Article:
in Germany. The researcher’s experience in the food industry began in 2010 as he started a 1 year
internship in a French company based in Strasbourg and operating in the food-processing industry. This
work experience made the researcher realize the many bankruptcies that occurred then and made him
wondering if there are solutions to avoid it.

11


1.4 Contributions of the Study

The researcher will provide an efficient bankruptcy rate model for French companies in the food
sector and will provide a better look on the advantages of using this kind of assessment tool.
The researcher will use his knowledge in finance and his past work experience to contribute as much
theory and practice to the research process as possible, with the hope that it will result in beneficial
results to the French food industry.

1.5 Scope of the Research and Limitation

The researcher will include statistical evidence and information in the literature review and also
draw upon the theories set forth by professional organizations and specialists in the food industry.

The primary limitation the researcher with deal with is the efficiency of the statistical method
used to construct the bankruptcy rate model, as there are many methods available, the researcher
will try to select the best one as well as the easiest one.

1.6 Recipients of the Research

Recipients of the research done for the purpose of this Masters dissertation for the Dublin Business
School are as follows:

-1st recipient: Dublin Business School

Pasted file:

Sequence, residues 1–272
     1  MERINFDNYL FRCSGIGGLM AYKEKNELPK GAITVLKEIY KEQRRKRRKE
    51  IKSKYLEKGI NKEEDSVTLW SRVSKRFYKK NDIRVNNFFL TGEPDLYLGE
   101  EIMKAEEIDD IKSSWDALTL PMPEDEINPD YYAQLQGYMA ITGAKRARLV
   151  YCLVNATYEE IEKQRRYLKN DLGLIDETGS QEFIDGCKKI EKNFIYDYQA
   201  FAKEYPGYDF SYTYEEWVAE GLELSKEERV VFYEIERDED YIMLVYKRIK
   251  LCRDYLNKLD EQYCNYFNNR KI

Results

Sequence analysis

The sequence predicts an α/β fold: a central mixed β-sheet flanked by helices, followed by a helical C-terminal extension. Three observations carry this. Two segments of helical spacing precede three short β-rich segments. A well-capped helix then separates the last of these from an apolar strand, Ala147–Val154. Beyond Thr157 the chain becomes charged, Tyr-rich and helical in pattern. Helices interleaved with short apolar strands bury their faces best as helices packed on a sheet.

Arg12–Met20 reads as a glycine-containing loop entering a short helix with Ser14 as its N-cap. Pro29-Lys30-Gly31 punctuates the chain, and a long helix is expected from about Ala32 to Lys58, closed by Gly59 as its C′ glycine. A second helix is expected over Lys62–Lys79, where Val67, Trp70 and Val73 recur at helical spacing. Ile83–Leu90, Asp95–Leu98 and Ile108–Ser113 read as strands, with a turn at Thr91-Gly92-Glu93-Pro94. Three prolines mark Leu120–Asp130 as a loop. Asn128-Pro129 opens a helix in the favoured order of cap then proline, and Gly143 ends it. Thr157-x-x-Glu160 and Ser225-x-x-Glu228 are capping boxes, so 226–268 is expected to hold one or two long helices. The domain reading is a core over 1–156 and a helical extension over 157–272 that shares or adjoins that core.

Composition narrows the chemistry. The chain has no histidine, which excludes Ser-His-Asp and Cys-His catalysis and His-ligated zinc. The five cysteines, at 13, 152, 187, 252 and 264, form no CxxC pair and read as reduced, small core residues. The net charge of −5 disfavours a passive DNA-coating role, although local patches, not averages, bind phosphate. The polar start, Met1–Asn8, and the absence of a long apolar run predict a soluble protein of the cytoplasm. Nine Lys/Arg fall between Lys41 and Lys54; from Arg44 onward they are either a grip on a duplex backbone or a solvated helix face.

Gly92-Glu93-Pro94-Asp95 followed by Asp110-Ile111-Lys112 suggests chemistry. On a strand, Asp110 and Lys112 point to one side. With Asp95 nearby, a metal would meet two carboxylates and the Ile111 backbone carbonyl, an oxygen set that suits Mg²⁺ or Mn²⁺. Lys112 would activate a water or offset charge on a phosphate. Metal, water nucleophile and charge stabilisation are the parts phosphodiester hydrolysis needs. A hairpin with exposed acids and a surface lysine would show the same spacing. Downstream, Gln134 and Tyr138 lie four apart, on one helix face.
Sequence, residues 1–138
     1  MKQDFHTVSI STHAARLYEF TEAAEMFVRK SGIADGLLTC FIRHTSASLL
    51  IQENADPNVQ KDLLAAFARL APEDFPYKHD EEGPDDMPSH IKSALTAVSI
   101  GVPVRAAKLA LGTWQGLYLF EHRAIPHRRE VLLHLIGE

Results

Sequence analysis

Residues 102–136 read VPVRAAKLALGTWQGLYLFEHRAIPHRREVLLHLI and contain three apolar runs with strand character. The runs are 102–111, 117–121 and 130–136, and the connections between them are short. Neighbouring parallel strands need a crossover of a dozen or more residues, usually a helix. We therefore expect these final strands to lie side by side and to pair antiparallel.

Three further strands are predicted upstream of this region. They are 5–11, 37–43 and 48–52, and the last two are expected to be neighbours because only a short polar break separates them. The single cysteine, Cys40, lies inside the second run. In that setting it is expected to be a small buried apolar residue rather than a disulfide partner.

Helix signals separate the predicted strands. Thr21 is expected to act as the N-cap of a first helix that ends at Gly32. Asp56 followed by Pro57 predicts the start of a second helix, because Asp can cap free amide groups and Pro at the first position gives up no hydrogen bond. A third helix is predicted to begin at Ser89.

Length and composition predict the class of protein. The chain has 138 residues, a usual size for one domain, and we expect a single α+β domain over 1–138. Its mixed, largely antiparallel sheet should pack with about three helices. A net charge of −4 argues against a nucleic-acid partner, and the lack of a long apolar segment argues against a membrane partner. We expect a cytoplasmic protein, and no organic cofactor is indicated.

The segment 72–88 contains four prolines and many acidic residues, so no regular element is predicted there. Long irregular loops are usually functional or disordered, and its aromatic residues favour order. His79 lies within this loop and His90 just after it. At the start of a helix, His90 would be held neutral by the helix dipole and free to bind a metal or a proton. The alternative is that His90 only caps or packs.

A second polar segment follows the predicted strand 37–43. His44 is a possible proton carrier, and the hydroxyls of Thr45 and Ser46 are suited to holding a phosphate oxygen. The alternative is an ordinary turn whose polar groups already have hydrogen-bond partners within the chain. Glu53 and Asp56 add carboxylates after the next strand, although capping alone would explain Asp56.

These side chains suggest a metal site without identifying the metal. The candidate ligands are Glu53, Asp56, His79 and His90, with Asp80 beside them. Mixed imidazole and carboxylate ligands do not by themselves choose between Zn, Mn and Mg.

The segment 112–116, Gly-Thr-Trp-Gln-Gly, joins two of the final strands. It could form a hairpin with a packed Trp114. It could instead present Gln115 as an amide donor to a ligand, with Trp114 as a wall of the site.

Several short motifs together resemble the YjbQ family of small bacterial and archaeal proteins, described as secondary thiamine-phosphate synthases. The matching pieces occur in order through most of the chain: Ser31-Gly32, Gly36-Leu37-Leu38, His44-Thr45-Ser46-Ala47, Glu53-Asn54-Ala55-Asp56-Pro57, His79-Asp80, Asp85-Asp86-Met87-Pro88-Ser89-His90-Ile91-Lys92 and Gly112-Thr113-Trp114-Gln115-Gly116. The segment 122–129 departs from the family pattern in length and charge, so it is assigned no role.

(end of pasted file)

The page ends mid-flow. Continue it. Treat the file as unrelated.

- 2nd recipient: Professor Justin O’keefe, the researcher's supervisor.

- 3rd recipient: the researcher himself (Guillaume MULLER), MBA Finance Candidate

12


1.7 Dissertation Organization

Chapter 1 will introduce the dissertation and will be comprised of several elements, including the area
being researched, research objectives, research question and researcher's background and more.

Chapter 2 includes the 'Literature Review' that resumes the entire secondary researcher to be
contributed to the final conclusion and recommendations.

Chapter 3 includes 'Research Methodology' and this section specifies how the researcher will
conduct his research project to meet his objectives.

Chapter 4 includes the 'Data Analysis and Findings' and this section will take an in depth look at
the research findings collected through the various research methods.

Chapter 5 includes both the 'Conclusion and Recommendations' and the researcher will
summarize important points from both the secondary and primary data collection to draw
conclusions and make recommendations regarding the research topic.

Chapter 6 will include the researcher's self-reflection throughout the process of this dissertation and
include insight on her overall experience at the Dublin Business School.

13


Chapter 2 - Literature Review
2.1 Supplier risk assessment
Even if companies are aware of supplier bankruptcy risks, only a few of them are equipped to handle
effectively against this kind of risk. French food industries are a good example as there is still a cost
killing approach inside purchase departments of these companies. Supplier bankruptcy risk management
and assessment became therefore a forgotten priority that is yet a key factor for business sustainability.
The following lines are aimed to understand the advantages of assessing its suppliers and how to
conduct an efficient supplier risk assessment trough the construction of a bankruptcy probability rate.

2.1.1 Risk and uncertainty for client companies
In a general approach, Deloach (2000) defines business risk as “the level of exposure to uncertainties
that the enterprise must understand and effectively manage as it executes its strategies to achieve its
business objectives and create value”. Another more standard definition defines risk as “the chance, in
quantitative terms, of a defined hazard occurring, it therefore combines a probabilistic measure of the